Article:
The following discussion is preserved as an archive. Please do not modify it. Subsequent comments should be made on the appropriate discussion page. No further edits should be made to this page.
Notice:Jimmy Wales has been in contact with Essjay and has asked him to resign from his "positions of trust". Most of the commentary was written before Jimmy posted a notice of this request on his talk page at 6:42, 3 March 2007 (UTC). Subsequently, at 3:17, 4 March 2007 (UTC) Essjay announced that he is leaving Wikipedia. See User talk:Essjay.
In order to remain listed at Wikipedia:Requests for comment, at least two people need to show that they tried to resolve a dispute with this user and have failed. This must involve the same dispute with a single user, not different disputes or multiple users. The persons complaining must provide evidence of their efforts, and each of them must certify it by signing this page with ~~~~. If this does not happen within 48 hours of the creation of this dispute page (which was: 21:21 2 March, 2007 (UTC)), the page will be deleted. The current date and time is: 23:35, 30 January 2015 (UTC).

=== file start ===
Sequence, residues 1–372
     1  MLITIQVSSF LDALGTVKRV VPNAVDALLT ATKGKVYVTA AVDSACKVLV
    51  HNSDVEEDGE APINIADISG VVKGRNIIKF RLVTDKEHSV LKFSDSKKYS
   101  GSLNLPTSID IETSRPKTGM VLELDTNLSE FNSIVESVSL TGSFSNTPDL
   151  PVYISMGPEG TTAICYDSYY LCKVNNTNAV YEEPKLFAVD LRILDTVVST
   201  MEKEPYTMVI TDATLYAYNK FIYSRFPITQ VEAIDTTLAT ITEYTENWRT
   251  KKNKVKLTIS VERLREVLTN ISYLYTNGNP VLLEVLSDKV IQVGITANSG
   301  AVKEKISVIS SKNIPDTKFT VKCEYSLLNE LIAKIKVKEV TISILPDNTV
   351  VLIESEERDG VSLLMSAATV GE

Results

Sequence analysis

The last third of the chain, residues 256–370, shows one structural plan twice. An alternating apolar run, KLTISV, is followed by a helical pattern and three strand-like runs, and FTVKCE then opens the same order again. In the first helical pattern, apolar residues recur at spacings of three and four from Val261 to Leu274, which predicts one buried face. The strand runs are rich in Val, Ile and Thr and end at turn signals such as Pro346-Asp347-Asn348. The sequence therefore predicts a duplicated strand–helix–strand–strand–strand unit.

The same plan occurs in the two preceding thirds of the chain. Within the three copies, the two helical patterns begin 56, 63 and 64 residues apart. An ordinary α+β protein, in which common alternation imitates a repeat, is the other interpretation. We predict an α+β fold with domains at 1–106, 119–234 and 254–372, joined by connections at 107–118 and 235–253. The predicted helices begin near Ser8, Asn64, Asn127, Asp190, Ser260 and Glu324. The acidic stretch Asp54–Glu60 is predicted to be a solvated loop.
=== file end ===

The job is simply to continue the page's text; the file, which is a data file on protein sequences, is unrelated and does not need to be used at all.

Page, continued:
That didn't do it for me, so I've added the next subsection. I've tried to obey WP:NPOV, but please gently correct any factual errors! ---CH 12:40, 3 March 2007 (UTC)
There appears to be widespread consensus that Essjay has been one of the most trusted contributors to the Wikipedia, rendering highly valued service as a bureaucrat, a checkuser, a mediator, an admin with oversight privileges, and ultimately as a member of the ArbCom. Until quite recently, Essjay described himself on his user page as holding a tenured faculty position at an unnamed university. Last fall, writing in the New Yorker, Stacy Schiff penned an excellent portrait of the Wikipedia in which she profiled several prominent Wikipedians, including User:Essjay. In her article, Schiff, who apparently interviewed Essjay at some length, described him as a holding a "Ph.D. in theology and a degree in canon law" and as "a tenured professor of religion at a private university".